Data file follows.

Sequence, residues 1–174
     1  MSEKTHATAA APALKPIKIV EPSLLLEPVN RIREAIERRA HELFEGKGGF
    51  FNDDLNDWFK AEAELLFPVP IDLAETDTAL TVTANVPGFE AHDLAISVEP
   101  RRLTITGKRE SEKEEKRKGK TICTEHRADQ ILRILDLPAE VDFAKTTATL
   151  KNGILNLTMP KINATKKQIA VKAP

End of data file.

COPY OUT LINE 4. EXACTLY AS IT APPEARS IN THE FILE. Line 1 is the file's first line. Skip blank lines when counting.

   101  RRLTITGKRE SEKEEKRKGK TICTEHRADQ ILRILDLPAE VDFAKTTATL